Be trustworthy. That goes well beyond keeping your word. It mainly means that when you get an assignment, it will be done, on time, and well—all the time. Your boss may not balk when you mumble your excuse but your unreliability will remain in memory.
Show initiative. Much more is under your control than you may think. Instead of complaining about a problem, fix it, asking permission only if necessary.
Go beyond. Provide something unexpected that will please your higher-ups. Let's say your boss is all about the bottom line. Write a report for improving it.
Be the go-to-guy/gal on something key to your organization: CRM software, on-boarding new employees, selling to Latino teens, whatever. Maybe write an article on that for a trade publication—higher-ups love to see their organization touted externally.
Sweat the details. Big-picture thinkers are a dime a dozen and their proposals usually make more work for people. What's mainly needed are people who can execute the boss's vision without much hand-holding.
Be positive. Every workgroup benefits from having one person who focuses on the problems. As Andy Grove, former Intel chairman and CEO, has said, "Only the paranoid survive." But generally, the yes-butter is regarded as a necessary evil rather than an up-and-comer. Unless your boss makes a truly unreasonable demand, be a person who makes it happen. And no bashing the company. If it's really worth bashing, shouldn't you be looking for another job?
Be likeable. It's hard to get ahead if many co-workers, bosses, and customers dislike you. In addition to having a positive bias, look for ways to make your co-workers and customers' lives better. For example, make them look good, help them get ahead, or when someone seems frazzled, ask if there's anything you can do to help. Take something off their plate or simply listen to them vent. The most potent question you can ask, especially of your boss: "Anything I can do to make your life easier?"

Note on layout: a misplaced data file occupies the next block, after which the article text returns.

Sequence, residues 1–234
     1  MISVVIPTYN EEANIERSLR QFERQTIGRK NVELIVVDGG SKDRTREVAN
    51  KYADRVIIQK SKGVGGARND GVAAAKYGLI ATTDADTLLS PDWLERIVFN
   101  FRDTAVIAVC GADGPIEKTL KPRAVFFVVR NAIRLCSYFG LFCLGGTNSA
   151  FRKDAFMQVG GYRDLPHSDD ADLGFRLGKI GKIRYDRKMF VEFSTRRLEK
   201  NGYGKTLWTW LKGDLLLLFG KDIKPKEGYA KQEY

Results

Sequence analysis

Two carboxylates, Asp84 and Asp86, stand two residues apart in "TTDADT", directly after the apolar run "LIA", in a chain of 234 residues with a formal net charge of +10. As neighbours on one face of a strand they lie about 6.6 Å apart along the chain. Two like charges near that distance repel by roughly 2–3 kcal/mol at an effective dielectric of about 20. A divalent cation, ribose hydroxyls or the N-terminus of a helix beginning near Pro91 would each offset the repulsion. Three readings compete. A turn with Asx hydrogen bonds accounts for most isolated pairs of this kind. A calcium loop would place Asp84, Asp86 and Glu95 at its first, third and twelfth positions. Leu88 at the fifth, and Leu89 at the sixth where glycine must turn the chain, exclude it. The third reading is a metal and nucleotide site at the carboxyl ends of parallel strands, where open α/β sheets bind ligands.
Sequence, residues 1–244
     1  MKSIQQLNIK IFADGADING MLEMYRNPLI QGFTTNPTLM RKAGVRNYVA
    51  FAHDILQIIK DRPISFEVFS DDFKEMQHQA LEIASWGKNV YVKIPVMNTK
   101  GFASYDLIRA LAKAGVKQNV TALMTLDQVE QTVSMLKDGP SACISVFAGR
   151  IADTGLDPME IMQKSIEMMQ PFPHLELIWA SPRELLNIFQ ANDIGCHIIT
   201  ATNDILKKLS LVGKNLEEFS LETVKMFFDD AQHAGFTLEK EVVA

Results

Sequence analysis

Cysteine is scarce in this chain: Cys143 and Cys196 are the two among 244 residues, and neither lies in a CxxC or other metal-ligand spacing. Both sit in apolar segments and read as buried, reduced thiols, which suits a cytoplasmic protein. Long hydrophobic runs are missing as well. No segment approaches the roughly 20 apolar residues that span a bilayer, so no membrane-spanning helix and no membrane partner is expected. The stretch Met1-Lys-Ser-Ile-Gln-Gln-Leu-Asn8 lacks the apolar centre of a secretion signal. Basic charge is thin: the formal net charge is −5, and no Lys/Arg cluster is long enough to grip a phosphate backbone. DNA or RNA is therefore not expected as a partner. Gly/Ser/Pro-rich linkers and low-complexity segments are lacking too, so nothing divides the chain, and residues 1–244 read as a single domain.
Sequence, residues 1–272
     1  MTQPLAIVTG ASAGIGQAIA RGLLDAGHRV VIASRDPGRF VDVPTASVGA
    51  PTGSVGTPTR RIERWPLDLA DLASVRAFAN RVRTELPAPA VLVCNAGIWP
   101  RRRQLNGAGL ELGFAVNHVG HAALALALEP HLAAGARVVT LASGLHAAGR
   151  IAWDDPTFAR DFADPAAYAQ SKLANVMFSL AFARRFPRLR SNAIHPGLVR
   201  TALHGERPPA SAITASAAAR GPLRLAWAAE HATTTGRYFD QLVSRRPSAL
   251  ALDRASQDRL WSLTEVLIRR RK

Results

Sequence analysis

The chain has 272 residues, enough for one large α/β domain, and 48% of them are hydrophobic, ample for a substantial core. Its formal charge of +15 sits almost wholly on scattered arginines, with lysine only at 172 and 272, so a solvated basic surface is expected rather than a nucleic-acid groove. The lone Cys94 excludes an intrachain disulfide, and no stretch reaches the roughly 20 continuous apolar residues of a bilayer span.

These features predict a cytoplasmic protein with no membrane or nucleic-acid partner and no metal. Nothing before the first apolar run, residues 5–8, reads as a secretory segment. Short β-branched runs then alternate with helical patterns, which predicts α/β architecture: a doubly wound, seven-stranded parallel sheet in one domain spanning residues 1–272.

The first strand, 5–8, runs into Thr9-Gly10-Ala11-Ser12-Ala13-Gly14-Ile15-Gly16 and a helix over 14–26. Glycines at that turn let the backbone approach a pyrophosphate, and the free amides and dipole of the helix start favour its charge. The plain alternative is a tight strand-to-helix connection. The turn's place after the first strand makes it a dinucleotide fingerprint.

Speak up. Avoid self-aggrandizement. Instead, share credit. For example, toward the end of a discussion, say something like, "Having listened to what John, Mary, and Tom said, I'm wondering if we should X?"
Show that you're smart. Getting promoted means doing something you haven't done before. So higher-ups need to believe you can learn quickly.
Ask. Thank your boss for what they've done to help you—earned flattery helps. Then ask what you need to do to get the job to which you aspire, and do it—include working on your weaknesses rather than defending yourself. Demonstrate that you have the skills for the job you're seeking. Read articles, attend webinars, watch masters in action, see if you can wrangle opportunities during your workday to hone your new skills.
Look for another job. Even if your current organization seems to have a realistic path forward for you, it has only so many plum jobs and only so much money to give for raises. If your employer is afraid of losing you, and you quietly let it be known there's outside interest in you, you're more likely to get what you want.
So is it time to read one of the zillion articles here on U.S. News on how to land a job?
The San Francisco Bay Guardian called Dr. Nemko "The Bay Area's Best Career Coach" and he was Contributing Editor for Careers at U.S. News. His sixth and seventh books were published in 2012: How to Do Life: What They Didn't Teach You in School and What's the Big Idea? 39 Disruptive Proposals for a Better America. More than 1,000 of his published writings are free on www.martynemko.com. He posts here every Monday.